Murdering badgers to try to eradicate a bovine disease from animals whose flesh and milk need not be consumed is senseless, stupid, pointless. And yet, it continues. Innocent creatures continue to have their lives stolen from them. Humans continue to exert their bloodthirsty dominance over all of nature.
Other days, what destroys me is the setts I discover when I’m out and about walking and enjoying the countryside. It’s the beautiful, gorgeous, ancient setts which I know will soon enough be left barren by the cull. It’s the setts which were once active, that I have known for years, that I have visited and at which I have found pawprints and hairs and freshly dug holes; that are now dead, all inhabitants shot in cold blood. It’s the setts that have been blocked by the hunt, spade marks all around the entrances, knowing that innocent animals have been trapped underground to suffocate to death.
It’s the pyjamas I have that have a badger face on them and the words ‘cold days make for cosy nights’ that make me think of families of badgers torn apart, missing some of their loved ones as they curl up together, that little bit colder for the loss of half of their family that year, the cubs wondering where their mama disappeared to and why she never came back.
It’s the badger pawprint I see in the mud along the river near the town centre that makes me grateful – actually GRATEFUL – for the smudges on the earth that are our towns and cities because badgers aren’t culled here and so here, within an industrialised landscape, deep amongst brick and mortar and fumes and vomit and litter and sewage, HERE they are safe; but in the woods and the copses and the hedges and the meadows and the hills, they are not.
It has taken me at least fifteen months to write this article. For a year, it was all I could do to have on my to-do list ‘write article on badger cull’. Every time I looked at it, it made me feel sick. I wondered how I could begin to write this. Should I keep the article purely factual, free of personal experience, remove myself from the equation? But, how could I, when the cull is such a huge part of my life and has such a huge emotional and mental impact on me?
When I’m out in the field, I can do something. I can save lives. I can concentrate on the task at hand, I can engage myself with map-reading, and strategising, and hiding in hedgerows when a quad bike sounds in the distance, and crawling through ditches when voices can be heard just the other side of a hedge, and begging that the cows don’t start following me and give me away, and watching that tractor disappear into the next field as I hide in a wood ready to run across the field to a different wood. I can feel supported by like-minded people, I can feel strong alongside those who are also giving their time and their energy and potentially their freedom to save innocent lives. I can feel happy in the knowledge that there ARE good souls in the world.
But when I’m at home. When I’m sitting there, looking at that ‘write article on badger cull’ on my to-do list. When I stare at those words and instead of feeling able to begin typing I am immobilised by the blood I can see in my mind, the blood that clings to cages and to the mud beneath the cages. When I don’t know how to start and so instead my mind displays those videos of badgers playing and grooming together and I see a target on their heads and their hearts. When I think of the sheer numbers of innocents that have had their lives taken away from them for no good reason whatsoever, and I start to shake, and it’s all I can do to try to stop myself from crying because I can’t save them all, I can’t stop their pain, I can’t ease their confusion as they fight this metal box that encases them or see their family drop dead in front of them, I can’t comfort them and I can’t tell them that I am sorry, I am so, so sorry for the way my species is treating them, for the way my species, an apparently intelligent and compassionate species, is slaughtering them and slicing off their ears and stuffing them into plastic bags and throwing them into plastic buckets and tossing them into an incinerator.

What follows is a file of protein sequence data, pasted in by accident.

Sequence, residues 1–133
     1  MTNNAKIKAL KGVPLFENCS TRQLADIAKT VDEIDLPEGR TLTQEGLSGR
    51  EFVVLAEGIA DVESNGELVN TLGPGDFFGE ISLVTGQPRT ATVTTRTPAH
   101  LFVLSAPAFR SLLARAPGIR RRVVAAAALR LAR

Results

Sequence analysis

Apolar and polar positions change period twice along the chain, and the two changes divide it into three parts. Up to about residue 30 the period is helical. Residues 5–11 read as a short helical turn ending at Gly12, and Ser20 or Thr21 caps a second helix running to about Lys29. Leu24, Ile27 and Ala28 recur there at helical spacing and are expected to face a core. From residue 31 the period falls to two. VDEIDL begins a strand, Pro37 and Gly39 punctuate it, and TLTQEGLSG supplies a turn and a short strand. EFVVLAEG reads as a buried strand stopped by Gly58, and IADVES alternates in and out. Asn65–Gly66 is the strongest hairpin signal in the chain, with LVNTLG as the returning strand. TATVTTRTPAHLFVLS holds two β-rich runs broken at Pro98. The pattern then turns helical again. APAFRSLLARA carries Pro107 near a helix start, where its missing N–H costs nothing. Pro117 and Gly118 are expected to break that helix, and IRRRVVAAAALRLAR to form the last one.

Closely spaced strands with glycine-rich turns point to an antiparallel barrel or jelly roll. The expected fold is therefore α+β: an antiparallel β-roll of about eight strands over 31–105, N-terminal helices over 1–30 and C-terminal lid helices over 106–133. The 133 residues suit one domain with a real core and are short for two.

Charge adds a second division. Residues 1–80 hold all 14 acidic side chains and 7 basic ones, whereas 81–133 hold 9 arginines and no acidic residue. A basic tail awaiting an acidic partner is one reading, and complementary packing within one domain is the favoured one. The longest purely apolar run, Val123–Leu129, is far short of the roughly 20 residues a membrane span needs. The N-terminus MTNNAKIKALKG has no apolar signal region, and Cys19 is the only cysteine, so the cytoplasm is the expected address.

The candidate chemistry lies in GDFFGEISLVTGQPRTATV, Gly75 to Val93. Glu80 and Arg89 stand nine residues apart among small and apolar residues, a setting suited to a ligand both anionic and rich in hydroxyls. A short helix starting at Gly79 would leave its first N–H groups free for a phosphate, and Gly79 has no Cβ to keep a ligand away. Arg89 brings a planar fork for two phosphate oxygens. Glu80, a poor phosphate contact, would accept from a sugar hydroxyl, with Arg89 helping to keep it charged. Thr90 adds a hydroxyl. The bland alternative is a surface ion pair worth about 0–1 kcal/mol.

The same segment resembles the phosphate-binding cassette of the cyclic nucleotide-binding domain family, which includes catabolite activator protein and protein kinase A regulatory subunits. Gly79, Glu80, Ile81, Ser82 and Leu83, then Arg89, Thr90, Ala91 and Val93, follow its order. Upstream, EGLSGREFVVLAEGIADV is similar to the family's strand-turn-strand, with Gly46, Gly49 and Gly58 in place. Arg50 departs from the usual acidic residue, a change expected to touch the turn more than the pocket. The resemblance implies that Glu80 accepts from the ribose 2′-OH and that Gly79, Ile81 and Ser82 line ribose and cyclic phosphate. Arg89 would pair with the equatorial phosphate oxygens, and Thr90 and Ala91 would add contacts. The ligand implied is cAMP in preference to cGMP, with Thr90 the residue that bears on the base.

When I write this, as I write this, I can only take solace in knowing that lives can be saved by those who read this. You, the reader, can take direct action. You can join local badger protectors, you can get out there and find gorgeous active badger setts that need protecting, you can go out in the field during the cull and you can stop lives from being taken, you can save badgers from being shot. You, an individual, can save lives every day of the cull.
In 2020, those of us out in the field in my county saved approximately six hundred lives. And yet, if I had spent almost two months out in the field, if I had suffered the emotional pain that I have suffered, if I had given myself the PTSD that I have given myself and if I had been absolutely broken and ill for those two weeks post-cull all for just ONE life; it would still be absolutely worth it. I would do it again, and I will; because there is no end in sight. The cull will continue next year, and the year after that, and the year after that. The government tells us that after that, they will halt culling and swap to vaccinating. But we all know how full of lies the government is. Who knows if that will happen. Will culling end before our stripey friends are completely eradicated from the country?
I can’t tell you the answer to that, and it breaks my heart into a thousand pieces to think that we may soon see a country barren of badgers. In fact, we are already seeing areas of counties where culling has been going on for a long long time, now completely devoid of badgers. In the absence of badgers, fox populations increase, and in response to this ‘pest’ control is called out to slaughter foxes. Every species that humans remove upsets the natural balance further, and yet there are always more calls for more and more killing as the answer to all the problems of the countryside, blind to the fact that humans cause every single one of these problems.
If you, the reader, would like to be part of the solution and not part of the problem, if you would like to be responsible for saving lives rather than contributing to taking them, please please get in touch with your local ‘against the cull’ group and find out what help is needed where you live. There are now 54 cull zones and though more innocent badgers are slaughtered every year, more badger protectors also join the resistance each year and every single person is invaluable to the cause.
You have the potential within you to save a life. Our stripey friends desperately need you. This article may have reached its end, but our fight – and now your fight, too – has not.
If you would like to offer support or find more information:
- For more information please go to Innocent Badger
- To find a local badger group please go to Badger Action Network